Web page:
The British, French and US imperialists, while claiming to uphold democracy, refused to help the Spanish government against Franco. They drew up a ‘non-intervention’ agreement that pretended to be neutral, but was in reality aimed at cutting off supplies to the republic. This did not help Dolores and the revolutionaries in Spain who were defending their nation against the fascists.
However, with a little help from its friends – namely, the Soviet Union and Mexico – the People’s Army (the resistance movement formed by the anti-fascists in Spain) was supported by the formation of the International Brigades.
The call went out from the Comintern (the Communist International) to revolutionaries in Europe, the Americas and all over the world that volunteers were needed to fight with their brothers and sisters in Spain against fascism. Meanwhile, Comrade Ibárruri was very active on the committee that transferred funds from the Comintern to the republican army.
As well as giving every possible support to the formation of the brigades, the Soviet Union helped directly by sending food, medicine, equipment and advisors to the resistance forces, even as it was also busy preparing itself for the biggest and most catastrophic war the world had ever seen. The Soviet Union’s leaders understood that the war in Spain and the rise of fascism were both symptoms of the deepening capitalist crisis, and that the crisis was bound to lead to a bigger conflict if not stopped by revolution.
Throughout the civil war, Dolores was extremely active, and she coined many of the republicans’ most famous slogans. As chief propagandist for the republican forces, she ended a radio speech in 1936 with the famous words, “The fascists shall not pass! No pasaran!” This passionate slogan became the battle cry for the republican army, who defended the city for three long years.
Later, at a meeting for the women of Spain, she famously stated: “It is better to be the widows of heroes than the wives of cowards!” And, in 1936, at rallies in both France and Belgium to mobilise support for the republican army, she cried:
The Spanish people would rather die on its feet than live on its knees!
However, the republican army was threatened from within by the formation of POUM (Worker’s Party of Marxist Unification), a coalition of Trotskyite and anarchistic parties. The POUM objected vigorously to the influence of the Soviet Union within the republican army, and did much to undermine the discipline of the republican forces. POUM was dubbed the fascist “fifth column” after Emilio Mola, a fascist general, stated in an interview in 1936 that he had four columns of soldiers heading towards Madrid and a fifth one (the POUM) behind enemy lines.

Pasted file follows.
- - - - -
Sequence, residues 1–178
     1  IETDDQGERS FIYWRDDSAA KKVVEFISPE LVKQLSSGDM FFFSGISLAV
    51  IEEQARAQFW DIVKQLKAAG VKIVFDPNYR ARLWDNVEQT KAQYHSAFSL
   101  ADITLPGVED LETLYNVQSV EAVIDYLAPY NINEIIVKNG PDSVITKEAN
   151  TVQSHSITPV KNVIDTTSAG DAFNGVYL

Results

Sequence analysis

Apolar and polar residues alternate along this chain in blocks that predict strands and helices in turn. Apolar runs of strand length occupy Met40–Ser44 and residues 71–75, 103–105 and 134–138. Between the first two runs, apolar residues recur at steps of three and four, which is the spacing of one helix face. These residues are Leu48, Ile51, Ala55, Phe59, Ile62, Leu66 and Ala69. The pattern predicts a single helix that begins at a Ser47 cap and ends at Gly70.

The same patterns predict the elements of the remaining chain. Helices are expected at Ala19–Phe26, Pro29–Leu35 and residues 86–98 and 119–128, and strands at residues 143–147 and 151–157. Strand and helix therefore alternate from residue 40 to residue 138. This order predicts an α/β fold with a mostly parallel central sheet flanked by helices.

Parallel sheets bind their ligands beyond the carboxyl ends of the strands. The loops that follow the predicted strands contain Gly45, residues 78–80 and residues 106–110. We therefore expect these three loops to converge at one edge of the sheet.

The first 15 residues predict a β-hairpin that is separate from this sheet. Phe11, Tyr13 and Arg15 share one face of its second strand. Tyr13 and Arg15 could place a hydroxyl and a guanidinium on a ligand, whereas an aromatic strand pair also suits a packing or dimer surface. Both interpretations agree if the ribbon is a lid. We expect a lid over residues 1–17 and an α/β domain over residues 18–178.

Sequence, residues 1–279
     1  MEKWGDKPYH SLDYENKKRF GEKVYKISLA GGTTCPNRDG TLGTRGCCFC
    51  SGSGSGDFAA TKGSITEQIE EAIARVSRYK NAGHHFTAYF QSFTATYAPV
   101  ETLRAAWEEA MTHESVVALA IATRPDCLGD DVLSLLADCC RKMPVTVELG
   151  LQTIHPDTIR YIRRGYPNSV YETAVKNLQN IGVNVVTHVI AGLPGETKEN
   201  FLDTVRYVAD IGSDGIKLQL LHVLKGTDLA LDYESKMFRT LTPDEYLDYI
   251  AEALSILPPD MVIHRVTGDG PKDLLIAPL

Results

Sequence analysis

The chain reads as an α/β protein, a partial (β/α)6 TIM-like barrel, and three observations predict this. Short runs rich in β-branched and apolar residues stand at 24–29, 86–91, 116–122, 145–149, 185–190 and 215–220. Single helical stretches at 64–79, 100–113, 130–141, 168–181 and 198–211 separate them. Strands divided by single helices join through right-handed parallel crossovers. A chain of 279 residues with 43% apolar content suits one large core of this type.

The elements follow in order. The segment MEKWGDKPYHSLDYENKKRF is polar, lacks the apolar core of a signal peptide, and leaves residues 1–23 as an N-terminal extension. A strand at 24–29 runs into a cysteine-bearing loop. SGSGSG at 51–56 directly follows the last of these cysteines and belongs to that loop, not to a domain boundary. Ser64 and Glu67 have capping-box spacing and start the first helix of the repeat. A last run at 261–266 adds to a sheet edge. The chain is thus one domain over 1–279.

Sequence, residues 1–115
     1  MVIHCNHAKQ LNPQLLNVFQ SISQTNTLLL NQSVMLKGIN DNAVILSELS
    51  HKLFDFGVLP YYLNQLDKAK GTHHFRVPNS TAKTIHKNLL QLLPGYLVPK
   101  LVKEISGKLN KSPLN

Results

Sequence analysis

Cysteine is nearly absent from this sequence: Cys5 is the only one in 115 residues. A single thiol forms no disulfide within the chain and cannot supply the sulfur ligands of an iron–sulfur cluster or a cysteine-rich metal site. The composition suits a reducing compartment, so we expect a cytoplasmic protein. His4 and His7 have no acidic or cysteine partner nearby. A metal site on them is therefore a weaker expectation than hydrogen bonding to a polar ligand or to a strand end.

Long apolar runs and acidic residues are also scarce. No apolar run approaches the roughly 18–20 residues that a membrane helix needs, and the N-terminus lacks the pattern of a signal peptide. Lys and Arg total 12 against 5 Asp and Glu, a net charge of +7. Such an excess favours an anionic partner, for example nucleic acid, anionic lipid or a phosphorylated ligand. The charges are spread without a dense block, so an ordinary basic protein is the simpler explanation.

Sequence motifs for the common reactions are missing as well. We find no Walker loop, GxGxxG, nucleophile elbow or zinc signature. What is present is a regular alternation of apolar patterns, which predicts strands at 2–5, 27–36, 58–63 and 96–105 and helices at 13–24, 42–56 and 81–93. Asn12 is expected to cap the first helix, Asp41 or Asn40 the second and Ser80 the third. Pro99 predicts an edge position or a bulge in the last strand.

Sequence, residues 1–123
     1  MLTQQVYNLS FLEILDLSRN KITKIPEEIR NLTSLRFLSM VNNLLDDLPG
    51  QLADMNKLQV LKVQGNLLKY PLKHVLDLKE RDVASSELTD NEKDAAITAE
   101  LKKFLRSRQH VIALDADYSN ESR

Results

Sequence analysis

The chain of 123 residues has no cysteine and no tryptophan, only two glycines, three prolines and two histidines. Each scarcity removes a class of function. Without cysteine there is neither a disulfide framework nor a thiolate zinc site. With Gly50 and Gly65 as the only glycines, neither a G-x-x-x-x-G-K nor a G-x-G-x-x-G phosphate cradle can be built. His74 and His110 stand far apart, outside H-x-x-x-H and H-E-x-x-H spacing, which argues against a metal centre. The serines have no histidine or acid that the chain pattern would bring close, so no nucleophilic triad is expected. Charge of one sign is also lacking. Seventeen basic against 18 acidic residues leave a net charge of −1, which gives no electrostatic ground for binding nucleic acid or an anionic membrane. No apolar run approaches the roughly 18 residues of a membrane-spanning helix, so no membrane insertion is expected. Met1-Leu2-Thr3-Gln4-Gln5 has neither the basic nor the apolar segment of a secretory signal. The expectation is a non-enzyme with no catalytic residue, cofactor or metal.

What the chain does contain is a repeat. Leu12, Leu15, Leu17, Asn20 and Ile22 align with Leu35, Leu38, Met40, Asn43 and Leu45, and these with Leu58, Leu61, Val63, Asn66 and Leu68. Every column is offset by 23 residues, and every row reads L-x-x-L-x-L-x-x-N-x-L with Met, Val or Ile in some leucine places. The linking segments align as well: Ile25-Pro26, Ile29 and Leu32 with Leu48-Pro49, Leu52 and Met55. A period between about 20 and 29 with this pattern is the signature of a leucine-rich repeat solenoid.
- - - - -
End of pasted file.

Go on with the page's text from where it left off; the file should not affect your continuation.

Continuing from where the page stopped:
The POUM’s endless demands for ultra-revolutionary sounding measures such as self-governming workers’ co-ops in the cities and immediate collectivisation in the countryside were not only a diversion from the urgent struggle against fascism but an outright service to fascism. Trotskyism in the Service of Franco, written by George Soria and based on first-hand observation and on the study and analysis of official documents and papers, explains how this came about.
In the end, the republican army could not hold off the might of Franco’s army, which was financed heavily by Germany and Italy, and the republicans eventually lost the civil war. On 1 November 1939, Dolores made a powerful speech to over 13,000 people at a farewell parade in Barcelona expressing her gratitude to all the volunteers who had come to the aid of the republican government from the people of Spain:
From all peoples, from all races, you came to us like brothers, like sons of immortal Spain; and in the hardest days of the war, when the capital of the Spanish republic was threatened, it was you, gallant comrades of the International Brigades, who helped save the city with your fighting enthusiasm, your heroism and your spirit of sacrifice …
Today many are departing … You can go proud. You are history. You are legend. You are the heroic example of democracy’s solidarity and universality in the face of the vile and accommodating spirit of those who interpret democratic principles with their eyes on hoards of wealth or corporate shares which they want to safeguard from all risk.
At the end of the war, Dolores fled to the Soviet Union, where she lived a happy life, despite the difficulties and tragedies of the war.
Her son fought for the Red Army but sadly died at the Battle of Stalingrad in 1942. Delores remained active within the PCE and became the party’s secretary general in May 1944. She lived in Moscow for many years, receiving the Lenin Peace Prize in 1964 and the Order of Lenin Prize in 1965.
When General Franco died, Dolores moved back to Spain and in 1977 she was once more elected as a deputy to the Cortes (Spanish parliament).
On 12 November 1989, at the age of 93, Dolores Ibárruri died of pneumonia. Although only one of her daughters survived her, her legacy lives on in countless generations of the men and women workers all over the world that she inspired with her bravery, her steadfastness and her indomitable spirit.
La Pasionaria is remembered as a woman who never capitulated to fascism; who fought for rights for women and who tied those rights to the need for socialism. She was a revolutionary fighter, an activist, a writer and a speaker. Her inspiration is a shining star whose light guides us in our struggle against imperialism and reaction, and for liberation and socialism.